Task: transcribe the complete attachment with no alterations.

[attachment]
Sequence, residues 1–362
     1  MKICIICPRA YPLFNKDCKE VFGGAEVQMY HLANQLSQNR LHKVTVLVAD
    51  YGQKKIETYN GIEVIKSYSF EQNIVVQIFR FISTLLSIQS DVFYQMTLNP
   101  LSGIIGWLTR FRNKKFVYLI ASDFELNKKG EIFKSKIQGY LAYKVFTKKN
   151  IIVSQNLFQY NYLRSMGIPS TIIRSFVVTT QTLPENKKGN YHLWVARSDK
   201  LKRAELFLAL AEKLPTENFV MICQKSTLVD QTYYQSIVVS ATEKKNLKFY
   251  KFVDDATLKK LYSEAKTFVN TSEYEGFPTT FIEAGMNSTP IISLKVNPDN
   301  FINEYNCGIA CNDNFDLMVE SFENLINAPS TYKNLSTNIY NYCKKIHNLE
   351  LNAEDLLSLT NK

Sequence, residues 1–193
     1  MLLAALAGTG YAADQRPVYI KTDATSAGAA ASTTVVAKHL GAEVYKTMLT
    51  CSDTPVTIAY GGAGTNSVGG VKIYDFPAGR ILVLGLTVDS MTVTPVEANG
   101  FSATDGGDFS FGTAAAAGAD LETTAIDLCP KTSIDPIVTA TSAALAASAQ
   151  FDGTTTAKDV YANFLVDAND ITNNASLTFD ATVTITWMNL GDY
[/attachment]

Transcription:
Sequence, residues 1–362
     1  MKICIICPRA YPLFNKDCKE VFGGAEVQMY HLANQLSQNR LHKVTVLVAD
    51  YGQKKIETYN GIEVIKSYSF EQNIVVQIFR FISTLLSIQS DVFYQMTLNP
   101  LSGIIGWLTR FRNKKFVYLI ASDFELNKKG EIFKSKIQGY LAYKVFTKKN
   151  IIVSQNLFQY NYLRSMGIPS TIIRSFVVTT QTLPENKKGN YHLWVARSDK
   201  LKRAELFLAL AEKLPTENFV MICQKSTLVD QTYYQSIVVS ATEKKNLKFY
   251  KFVDDATLKK LYSEAKTFVN TSEYEGFPTT FIEAGMNSTP IISLKVNPDN
   301  FINEYNCGIA CNDNFDLMVE SFENLINAPS TYKNLSTNIY NYCKKIHNLE
   351  LNAEDLLSLT NK

Sequence, residues 1–193
     1  MLLAALAGTG YAADQRPVYI KTDATSAGAA ASTTVVAKHL GAEVYKTMLT
    51  CSDTPVTIAY GGAGTNSVGG VKIYDFPAGR ILVLGLTVDS MTVTPVEANG
   101  FSATDGGDFS FGTAAAAGAD LETTAIDLCP KTSIDPIVTA TSAALAASAQ
   151  FDGTTTAKDV YANFLVDAND ITNNASLTFD ATVTITWMNL GDY